Goodbye To All That: A Farewell To “America’s Next Top Model”
We love a train wreck. There are few things more satisfying as a viewer and consumer of culture than watching the most hapless of humanity enter situations that most certainly will not end well. Call it perverse, or call it good television — reality TV as a giant, gaping industry predicates itself on the fact that if you put decent enough people into situations so ridiculous that they have nothing else to do but adapt, you will create beautiful, addictive television. America’s Next Top Model, that beloved institution of competition-based reality television, is coming to an end.
Tyra Banks, former Victoria’s Secret angel and supermodel darling of the nineties, falls on the scale of lunacy somewhere between all of the Real Housewives and Tom Cruise jumping on that couch for Oprah. When “ANTM” started in 2003, we were still naive enough to believe that maybe, just maybe, some of these women that Tyra picked from their cornfields in Iowa could’ve actually been models. As the seasons progressed and Tyra’s lovable insanity raged on, it became clear that what she was teaching them wasn’t the elusive art of modeling — it was how to be a person, good, bad or otherwise.
There have been missteps. As a dedicated viewer of this show from its inception, I fell off somewhere around the eleventh season. For a while, I forgot the show was even on. There was a strange short girls only season and a college edition. I missed these episodes because despite my love for the formula — pretty girls in a giant house with “challenges” designed to test their skills as models — the drama had fallen off. As a viewer, the stakes were low. But, two seasons ago, Tyra, my booty tooching smizing queen, had the temerity and the genius to do the one thing her show was missing the entire time: men.
Rarely will I ever say that adding men to a situation makes anything better, but the cycle that introduced men to the “Top Model” pantheon injected the formula — staid, tired, a little rundown — with a newfound life. Think of the joy you get from watching a really classic season of “The Real World.” Adding the men added drama, hormones, and a whole host of questionable makeovers, and heaping spoonfuls of conflict, drama and sexual intrigue took the show to a whole other level. A lot of it was probably manufactured, but as a savvy reality television consumer, you already know that that’s what you’re getting when you sign up for this. It doesn’t matter. Watching Mikey, a flaxen-haired Floridian with long blonde hair and catfish-like facial hair play almost every single girl on the show against each other is horrible, but it is really compelling television.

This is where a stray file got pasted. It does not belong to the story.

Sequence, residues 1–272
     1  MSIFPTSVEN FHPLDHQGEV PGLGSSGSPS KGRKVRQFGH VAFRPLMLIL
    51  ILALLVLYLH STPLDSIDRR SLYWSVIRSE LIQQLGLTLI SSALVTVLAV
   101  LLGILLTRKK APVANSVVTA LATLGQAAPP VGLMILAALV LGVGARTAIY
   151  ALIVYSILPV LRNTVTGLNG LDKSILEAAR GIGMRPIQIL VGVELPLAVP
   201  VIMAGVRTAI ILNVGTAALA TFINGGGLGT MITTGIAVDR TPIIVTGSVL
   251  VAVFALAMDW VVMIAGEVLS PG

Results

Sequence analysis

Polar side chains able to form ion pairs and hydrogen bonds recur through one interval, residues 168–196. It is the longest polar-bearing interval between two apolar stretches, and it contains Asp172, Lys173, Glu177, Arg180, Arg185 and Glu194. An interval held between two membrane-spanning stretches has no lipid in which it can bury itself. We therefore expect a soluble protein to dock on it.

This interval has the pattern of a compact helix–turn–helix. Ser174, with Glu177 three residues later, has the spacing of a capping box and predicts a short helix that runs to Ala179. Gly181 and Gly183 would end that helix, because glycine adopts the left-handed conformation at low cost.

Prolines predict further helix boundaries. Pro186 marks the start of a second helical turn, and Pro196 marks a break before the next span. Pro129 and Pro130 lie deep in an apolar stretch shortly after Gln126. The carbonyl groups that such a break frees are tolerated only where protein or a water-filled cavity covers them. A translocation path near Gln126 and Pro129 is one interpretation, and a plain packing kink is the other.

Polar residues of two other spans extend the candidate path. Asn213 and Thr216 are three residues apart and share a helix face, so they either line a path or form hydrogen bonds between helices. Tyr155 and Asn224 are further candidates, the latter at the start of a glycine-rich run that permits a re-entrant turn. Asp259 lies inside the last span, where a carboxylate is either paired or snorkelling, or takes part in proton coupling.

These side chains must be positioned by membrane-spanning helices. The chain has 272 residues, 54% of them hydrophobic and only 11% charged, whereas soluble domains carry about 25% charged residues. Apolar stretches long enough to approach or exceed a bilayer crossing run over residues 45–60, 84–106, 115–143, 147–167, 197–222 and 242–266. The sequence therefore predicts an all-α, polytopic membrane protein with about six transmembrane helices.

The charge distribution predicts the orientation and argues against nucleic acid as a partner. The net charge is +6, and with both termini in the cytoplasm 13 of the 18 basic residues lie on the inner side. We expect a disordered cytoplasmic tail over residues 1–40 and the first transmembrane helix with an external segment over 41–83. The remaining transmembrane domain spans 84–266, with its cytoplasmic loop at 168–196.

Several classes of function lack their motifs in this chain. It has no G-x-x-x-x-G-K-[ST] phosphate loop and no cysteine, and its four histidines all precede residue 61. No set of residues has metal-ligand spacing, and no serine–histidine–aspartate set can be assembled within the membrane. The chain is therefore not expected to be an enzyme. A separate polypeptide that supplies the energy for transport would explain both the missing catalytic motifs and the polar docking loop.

The stakes, for the contestants, don’t seem too high. As twenty-somethings raised with the spectre of American reality television looming, they innately understand how to be in a situation like this. They know their angles. They can give good television confessional. They understand their roles and why they were cast, and play them to a hilt. I’m not suggesting that nothing on this show is genuine — the relationship this season between Mamé and Justin, two of the most beautiful people to exist on this earth felt as real as any relationship does in your early twenties — but there’s a hint of knowingness. They know how to play their parts.
I’m not sure why I watched the show for so long. It’s objectively not good, a dirty secret told in confidence to people that, upon showing their hand, end up being kindred spirits. There’s no actual modeling in it, and the challenges became ways for Tyra to manufacture spectacle. At the beginning of this current season, Tyra winnowed down the competition by having the models stomp down a “runway” made of shipping containers, each attached to a harness. If they made it to the end of the runway and across to the waiting arms of Miss Jay, they made the cut. If they reached the end of the runway and felt themselves being lowered gently to the ground, they were sent home. Later in this season, she yells at Nyle, a devastatingly handsome deaf man with bright blue eyes, telling him that he needs to sign sexier. It’s a ridiculous circus, but it was a beautiful ride.